Monday, February 11, 2013

Return of "The Dwellers Below" (A New Podcast Episode)

Too bad he is wearing short shorts under that!

In this K’daai sized episode The Dwellers detail some first impressions of the new Warriors of Chaos army book, and cover Australia’s biggest Warhammer tournament: CanCon. Some stupidity sprinkled throughout.

Find us on iTunes and here.


  1. Why do you guys play such heavy comp? On one hand you say you want to play Warhammer out of the book and then you have both
    a) Subjective Comp
    b) Heavy Hand administering it.

    Seems to fly in face of "Warhammer out of the book"

  2. because warhammer isnt designed as a tournament game, it is inherently imbalanced and without comp if you want to do well you will always choose one of the hard armies, there will be no point showing up with anything else and expecting to do well.

    1. Case of degrees. Most parts of the world have found that they get sufficient representation of all races on top tables without resorting to a draconian form of composition and subjective assessment.

      Listening to the podcast it seems to be a liturgy of "I'm going to ban that", "That's not coming to my event", "That's broken" etc

      Personally I think that path is a bit of a cop out and given some investigation of what the other systems there are instead of holding onto a throwback to 7th Ed Oz tournies might be a better way forward.

  3. Before I put down my thoughts as one of the Dwellers I think it is worth mentioning that Chris is a bit of a unique case with the Chaos Dwarfs. He honestly doesn't believe that they should be allowed in any event as an army and thinks that they are pretty much unofficial. After significant cajoling Chris agreed to have CD in his events with the understanding that they would be unreasonably comped. They haven't been treated this way by most TOs, its pretty much a Chris compromise so that they are allowed to play.

    On the first post I don't think the motivation for including soft panel comp is to make the game close to 'out of the book' Warhammer. As a rule events in Victoria play the rules pretty much out of the big red book, up to and sometimes including rolling for scenario each game. What most of the TO's don't want is for people to be able to take what ever they want out of the army books without restriction. I suspect this approach is similar to most other subjective comp systems like the hard caps used in most NZ events I have read about.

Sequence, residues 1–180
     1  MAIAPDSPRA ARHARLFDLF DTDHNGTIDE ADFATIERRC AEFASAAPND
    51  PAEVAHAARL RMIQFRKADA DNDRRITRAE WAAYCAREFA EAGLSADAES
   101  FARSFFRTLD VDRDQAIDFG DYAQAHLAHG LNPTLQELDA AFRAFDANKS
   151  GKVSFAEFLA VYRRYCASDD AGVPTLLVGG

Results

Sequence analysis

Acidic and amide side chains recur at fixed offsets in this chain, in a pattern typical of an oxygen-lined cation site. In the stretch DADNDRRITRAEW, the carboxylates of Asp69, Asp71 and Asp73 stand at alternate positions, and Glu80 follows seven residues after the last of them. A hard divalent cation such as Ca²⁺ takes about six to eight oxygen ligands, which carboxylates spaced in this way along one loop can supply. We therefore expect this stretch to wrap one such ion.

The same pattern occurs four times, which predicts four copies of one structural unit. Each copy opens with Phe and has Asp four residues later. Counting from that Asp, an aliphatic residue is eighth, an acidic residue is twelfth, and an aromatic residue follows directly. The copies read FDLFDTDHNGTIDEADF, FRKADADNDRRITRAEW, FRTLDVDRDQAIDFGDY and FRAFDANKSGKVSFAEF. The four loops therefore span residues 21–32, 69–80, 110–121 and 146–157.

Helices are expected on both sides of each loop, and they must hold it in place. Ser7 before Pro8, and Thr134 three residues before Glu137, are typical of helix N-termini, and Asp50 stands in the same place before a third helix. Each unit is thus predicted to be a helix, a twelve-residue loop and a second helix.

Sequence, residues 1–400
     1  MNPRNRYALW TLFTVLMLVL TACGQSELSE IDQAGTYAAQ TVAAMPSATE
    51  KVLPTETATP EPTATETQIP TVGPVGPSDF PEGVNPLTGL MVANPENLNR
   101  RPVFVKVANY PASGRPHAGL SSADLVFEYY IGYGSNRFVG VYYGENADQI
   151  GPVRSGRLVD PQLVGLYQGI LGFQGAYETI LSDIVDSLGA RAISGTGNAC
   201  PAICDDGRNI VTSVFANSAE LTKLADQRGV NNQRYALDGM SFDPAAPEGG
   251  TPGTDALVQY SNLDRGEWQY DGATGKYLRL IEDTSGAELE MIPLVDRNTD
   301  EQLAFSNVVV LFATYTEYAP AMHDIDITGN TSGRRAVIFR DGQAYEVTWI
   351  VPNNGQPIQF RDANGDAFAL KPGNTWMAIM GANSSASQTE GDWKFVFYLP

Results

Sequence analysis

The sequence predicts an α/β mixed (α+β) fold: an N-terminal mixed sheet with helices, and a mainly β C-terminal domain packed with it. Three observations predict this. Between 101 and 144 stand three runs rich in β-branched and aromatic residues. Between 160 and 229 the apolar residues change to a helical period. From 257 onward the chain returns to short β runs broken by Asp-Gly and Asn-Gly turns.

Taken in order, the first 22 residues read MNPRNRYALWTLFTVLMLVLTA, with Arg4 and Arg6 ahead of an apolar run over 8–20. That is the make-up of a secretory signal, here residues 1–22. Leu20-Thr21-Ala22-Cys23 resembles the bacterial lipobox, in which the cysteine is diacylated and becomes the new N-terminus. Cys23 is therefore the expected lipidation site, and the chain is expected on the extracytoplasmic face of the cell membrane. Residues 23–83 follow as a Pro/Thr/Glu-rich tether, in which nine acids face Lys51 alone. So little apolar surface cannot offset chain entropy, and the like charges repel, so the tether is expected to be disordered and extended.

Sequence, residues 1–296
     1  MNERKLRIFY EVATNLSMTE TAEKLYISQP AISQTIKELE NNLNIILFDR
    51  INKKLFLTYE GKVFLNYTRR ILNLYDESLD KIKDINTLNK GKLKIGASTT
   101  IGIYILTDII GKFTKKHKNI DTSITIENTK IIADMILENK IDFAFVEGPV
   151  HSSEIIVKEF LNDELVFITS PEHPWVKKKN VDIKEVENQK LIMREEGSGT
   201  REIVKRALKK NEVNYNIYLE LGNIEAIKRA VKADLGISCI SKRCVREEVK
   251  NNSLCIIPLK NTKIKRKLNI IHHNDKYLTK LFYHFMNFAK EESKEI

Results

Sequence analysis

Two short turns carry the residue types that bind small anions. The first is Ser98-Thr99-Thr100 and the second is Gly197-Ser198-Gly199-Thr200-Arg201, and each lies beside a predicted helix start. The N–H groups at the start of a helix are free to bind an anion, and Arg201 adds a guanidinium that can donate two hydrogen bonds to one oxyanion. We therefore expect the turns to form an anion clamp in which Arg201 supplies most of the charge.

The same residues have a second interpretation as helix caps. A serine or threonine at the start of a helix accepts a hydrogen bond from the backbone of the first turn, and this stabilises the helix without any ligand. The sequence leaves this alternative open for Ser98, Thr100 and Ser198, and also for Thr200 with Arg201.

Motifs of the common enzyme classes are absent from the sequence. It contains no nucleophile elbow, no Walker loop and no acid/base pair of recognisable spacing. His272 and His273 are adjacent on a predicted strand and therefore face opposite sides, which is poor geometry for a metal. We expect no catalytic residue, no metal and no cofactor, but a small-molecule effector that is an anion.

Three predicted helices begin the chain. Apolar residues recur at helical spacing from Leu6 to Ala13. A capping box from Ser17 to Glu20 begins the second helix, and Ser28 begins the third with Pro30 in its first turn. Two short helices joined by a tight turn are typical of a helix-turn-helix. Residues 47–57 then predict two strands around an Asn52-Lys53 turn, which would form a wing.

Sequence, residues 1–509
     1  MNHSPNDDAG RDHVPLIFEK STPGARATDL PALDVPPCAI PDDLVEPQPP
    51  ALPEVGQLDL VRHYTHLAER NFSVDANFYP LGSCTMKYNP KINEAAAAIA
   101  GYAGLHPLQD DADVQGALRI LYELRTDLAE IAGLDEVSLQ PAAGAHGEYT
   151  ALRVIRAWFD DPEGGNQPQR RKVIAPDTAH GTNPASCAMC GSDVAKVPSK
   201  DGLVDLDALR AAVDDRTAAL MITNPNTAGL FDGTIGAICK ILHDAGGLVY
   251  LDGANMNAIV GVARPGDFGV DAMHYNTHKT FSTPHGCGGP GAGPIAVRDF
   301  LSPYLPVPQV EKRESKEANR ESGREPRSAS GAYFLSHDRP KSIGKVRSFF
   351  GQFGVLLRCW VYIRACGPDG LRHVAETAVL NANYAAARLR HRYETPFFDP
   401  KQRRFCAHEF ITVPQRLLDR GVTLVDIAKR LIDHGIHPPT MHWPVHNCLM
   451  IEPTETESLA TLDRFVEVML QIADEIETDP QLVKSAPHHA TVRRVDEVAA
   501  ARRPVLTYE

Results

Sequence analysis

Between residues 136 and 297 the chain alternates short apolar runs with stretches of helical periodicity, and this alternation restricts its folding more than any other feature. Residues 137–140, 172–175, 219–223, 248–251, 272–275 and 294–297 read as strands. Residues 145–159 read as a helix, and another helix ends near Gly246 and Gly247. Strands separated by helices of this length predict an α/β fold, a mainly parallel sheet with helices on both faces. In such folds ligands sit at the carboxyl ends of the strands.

The reason I like soft pannel comp is not to allow each army a chance to play. With a much less restrict comp, with subjective pannel comp or a subjective set of hard restrictions, allow the lower tier armies a chance to play and have a go at the top. What these systems don't allow is a chance for a wide and varied range of army lists, styles and strengths have a similar chance of doing well.

    The most basic objective of soft panel comp is to allow players to take their army, their hobby, to an event and not feel like they are on the back foot because of it. At the moment it is working in fulfilling this objective. There are a very wide range of lists and armies showing up at every level of play. Only a very small range of lists are straight out prohibited from playing at events and I suspect most players are pretty happy not having to turn up against them. As far as top table representation, I understand that it seems to be working well in NZ. On the other hand top table representation in the UK is clearly not working. The mantra of 'rock the hardest thing you can' seems to be followed and as a TO I don't want players to feel that they have to effectively paint a brand new army. Instead I'm happy with players being able to win running their two giants, no-savages, one war machine orcs.